GARY LATOUR, Employee, v. COOPER TOOLS/DIAMOND PLANT and EMPLOYERS INS. OF WAUSAU, Employer-Insurer/Appellants, and COOPER TOOLS/DIAMOND PLANT and LIBERTY MUTUAL INS. CO., Employer-Insurer.
WORKERS= COMPENSATION COURT OF APPEALS
JANUARY 28, 2003
TEMPORARY PARTIAL DISABILITY. The 225 week limit set out in Minn. Stat. ' 176.101, subd. 2(b), does not apply to the obligation of an insurer to pay benefits for a 1985 injury despite the occurrence of a 1994 injury where the 1994 injury was not a substantial contributing factor in the loss of earning capacity caused by the 1985 injury.
Determined by Stofferahn, J., Pederson, J., and Rykken, J.
Compensation Judge: Donald C. Erickson
DAVID A. STOFFERAHN, Judge
Employers Insurance of Wausau appeals from the compensation judge=s denial of its request to discontinue temporary partial disability benefits for the employee=s 1985 injury. We affirm.
The facts in this matter are undisputed. Gary LaTour began working for the employer in 1966. On March 14, 1985, the employee sustained an injury to his low back. His average weekly wage on that date was $396.80. After a brief period when he was unable to work and after a brief period when he attempted to work on a full-time basis, the employee returned to work for the employer with severe restrictions and limited to five hours per day. The employer=s insurer, Employers Insurance of Wausau (Wausau), commenced payment of benefits, including payment of temporary partial disability based upon the employee=s ongoing reduced wages. The employee continued to work at reduced hours and with restrictions due to his March 14, 1985 work injury until the plant closed on June 24, 1994.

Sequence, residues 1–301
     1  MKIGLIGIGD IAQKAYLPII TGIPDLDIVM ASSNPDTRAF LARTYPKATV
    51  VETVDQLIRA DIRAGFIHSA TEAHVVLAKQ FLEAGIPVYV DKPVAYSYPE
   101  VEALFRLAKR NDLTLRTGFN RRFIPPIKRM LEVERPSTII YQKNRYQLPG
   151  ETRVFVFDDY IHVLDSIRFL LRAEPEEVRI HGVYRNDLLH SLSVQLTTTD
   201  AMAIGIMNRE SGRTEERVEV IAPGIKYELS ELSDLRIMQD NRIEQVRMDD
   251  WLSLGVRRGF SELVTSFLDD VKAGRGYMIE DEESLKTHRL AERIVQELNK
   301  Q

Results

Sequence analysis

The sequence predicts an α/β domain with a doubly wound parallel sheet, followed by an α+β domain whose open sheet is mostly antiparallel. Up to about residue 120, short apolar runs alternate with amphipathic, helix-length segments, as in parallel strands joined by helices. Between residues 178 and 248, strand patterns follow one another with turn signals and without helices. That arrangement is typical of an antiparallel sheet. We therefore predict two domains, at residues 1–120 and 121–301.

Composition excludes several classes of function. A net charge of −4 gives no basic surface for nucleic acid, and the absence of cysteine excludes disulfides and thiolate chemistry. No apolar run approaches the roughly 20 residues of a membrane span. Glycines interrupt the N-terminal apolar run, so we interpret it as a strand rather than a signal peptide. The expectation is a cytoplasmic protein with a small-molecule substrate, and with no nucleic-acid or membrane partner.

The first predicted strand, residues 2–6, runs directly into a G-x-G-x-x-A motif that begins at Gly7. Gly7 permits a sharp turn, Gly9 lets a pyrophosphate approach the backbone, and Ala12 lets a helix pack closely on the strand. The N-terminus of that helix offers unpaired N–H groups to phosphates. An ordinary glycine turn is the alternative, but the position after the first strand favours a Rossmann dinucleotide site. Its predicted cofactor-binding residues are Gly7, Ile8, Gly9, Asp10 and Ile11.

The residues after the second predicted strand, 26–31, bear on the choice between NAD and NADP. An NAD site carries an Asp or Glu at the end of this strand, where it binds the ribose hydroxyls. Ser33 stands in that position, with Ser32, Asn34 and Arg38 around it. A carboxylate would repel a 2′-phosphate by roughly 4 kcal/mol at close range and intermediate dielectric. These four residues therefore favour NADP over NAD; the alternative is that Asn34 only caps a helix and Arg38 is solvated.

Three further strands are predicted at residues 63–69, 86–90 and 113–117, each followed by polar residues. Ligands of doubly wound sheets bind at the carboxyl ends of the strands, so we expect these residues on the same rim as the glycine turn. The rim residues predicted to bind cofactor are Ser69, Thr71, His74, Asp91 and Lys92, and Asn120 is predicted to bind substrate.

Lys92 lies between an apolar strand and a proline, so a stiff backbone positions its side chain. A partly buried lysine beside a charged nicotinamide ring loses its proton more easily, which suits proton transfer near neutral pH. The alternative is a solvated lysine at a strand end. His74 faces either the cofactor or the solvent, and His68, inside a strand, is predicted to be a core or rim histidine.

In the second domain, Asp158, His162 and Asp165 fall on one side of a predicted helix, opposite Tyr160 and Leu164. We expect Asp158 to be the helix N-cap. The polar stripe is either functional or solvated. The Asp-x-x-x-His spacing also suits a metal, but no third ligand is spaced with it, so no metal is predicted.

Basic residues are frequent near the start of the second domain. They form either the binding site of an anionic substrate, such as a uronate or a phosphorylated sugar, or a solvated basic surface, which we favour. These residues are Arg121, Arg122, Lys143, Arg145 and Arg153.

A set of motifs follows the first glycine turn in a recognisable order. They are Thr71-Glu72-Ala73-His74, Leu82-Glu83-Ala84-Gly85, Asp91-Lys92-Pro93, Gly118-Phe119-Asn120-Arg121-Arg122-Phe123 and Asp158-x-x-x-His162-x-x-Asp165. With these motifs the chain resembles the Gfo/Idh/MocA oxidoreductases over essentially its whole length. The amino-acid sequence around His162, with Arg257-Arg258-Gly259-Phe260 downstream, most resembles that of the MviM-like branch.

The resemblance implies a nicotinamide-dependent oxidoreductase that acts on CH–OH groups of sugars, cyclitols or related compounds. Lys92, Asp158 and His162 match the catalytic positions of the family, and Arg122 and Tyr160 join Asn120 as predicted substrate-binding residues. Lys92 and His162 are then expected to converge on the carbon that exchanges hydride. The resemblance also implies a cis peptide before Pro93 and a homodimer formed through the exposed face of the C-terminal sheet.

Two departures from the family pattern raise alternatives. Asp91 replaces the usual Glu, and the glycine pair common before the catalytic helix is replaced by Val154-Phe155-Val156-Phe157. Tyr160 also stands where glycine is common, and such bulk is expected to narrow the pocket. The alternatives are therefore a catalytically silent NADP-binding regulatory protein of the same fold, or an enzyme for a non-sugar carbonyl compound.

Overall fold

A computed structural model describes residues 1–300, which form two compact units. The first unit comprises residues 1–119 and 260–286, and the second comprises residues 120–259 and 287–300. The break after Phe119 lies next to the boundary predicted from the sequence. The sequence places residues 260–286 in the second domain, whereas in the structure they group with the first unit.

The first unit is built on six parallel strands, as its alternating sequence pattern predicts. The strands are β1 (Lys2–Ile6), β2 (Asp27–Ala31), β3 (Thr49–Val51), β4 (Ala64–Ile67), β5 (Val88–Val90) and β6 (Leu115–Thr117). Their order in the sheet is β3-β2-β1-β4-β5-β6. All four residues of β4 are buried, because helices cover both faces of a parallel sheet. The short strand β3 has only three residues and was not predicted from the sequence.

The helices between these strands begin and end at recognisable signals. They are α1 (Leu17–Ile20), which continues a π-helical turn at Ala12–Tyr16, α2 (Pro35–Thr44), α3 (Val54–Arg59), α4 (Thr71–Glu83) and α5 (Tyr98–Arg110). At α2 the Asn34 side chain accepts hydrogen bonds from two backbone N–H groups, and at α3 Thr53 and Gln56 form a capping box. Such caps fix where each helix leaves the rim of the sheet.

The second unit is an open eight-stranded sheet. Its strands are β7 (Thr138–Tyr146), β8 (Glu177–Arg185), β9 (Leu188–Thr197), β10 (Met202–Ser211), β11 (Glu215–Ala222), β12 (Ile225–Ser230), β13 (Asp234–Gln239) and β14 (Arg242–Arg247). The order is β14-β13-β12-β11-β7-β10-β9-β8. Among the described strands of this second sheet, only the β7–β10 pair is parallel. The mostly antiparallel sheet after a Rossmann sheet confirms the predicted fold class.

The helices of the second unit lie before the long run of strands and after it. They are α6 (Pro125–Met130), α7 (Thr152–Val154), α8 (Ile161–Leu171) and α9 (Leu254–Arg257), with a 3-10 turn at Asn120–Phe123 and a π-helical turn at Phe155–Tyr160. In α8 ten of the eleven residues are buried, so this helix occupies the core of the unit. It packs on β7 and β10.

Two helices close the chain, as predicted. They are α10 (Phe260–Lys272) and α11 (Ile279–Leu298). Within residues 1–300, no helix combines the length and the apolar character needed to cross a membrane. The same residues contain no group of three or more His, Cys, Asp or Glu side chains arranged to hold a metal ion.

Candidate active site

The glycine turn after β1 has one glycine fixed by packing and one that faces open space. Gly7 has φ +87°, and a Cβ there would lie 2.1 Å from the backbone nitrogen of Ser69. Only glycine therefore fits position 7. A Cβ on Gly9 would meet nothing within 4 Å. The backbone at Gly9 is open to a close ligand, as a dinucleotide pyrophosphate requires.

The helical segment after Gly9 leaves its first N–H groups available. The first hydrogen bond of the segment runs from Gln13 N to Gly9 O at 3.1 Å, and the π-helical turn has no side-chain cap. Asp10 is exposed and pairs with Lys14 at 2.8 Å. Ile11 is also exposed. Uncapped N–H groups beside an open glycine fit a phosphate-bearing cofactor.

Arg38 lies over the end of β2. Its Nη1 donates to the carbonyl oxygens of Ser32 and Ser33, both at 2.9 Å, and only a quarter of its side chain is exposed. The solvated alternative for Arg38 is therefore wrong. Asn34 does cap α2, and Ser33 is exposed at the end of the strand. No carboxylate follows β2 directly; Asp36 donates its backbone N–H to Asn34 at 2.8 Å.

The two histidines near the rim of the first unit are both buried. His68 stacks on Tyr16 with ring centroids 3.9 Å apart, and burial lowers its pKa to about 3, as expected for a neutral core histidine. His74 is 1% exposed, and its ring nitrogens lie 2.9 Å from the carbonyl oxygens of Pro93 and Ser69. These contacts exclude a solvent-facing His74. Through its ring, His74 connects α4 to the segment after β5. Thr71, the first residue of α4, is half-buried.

The employee alleged he had sustained a Gillette injury to his upper extremities, and, in a Findings and Order, served and filed April 25, 1997, the compensation judge found the employee had an injury to his upper extremities on June 24, 1994, when the employer=s insurer was Liberty Mutual Insurance Company (Liberty). The employee=s average weekly wage on the date of his 1994 injury was $245.00. Two days after the plant closed, the employee found another job within the restrictions imposed by his low back and upper extremity conditions. While specific earnings from the employee=s new job as a parking lot attendant are not in the record, the employee has continued to earn less than he was making in June 1994.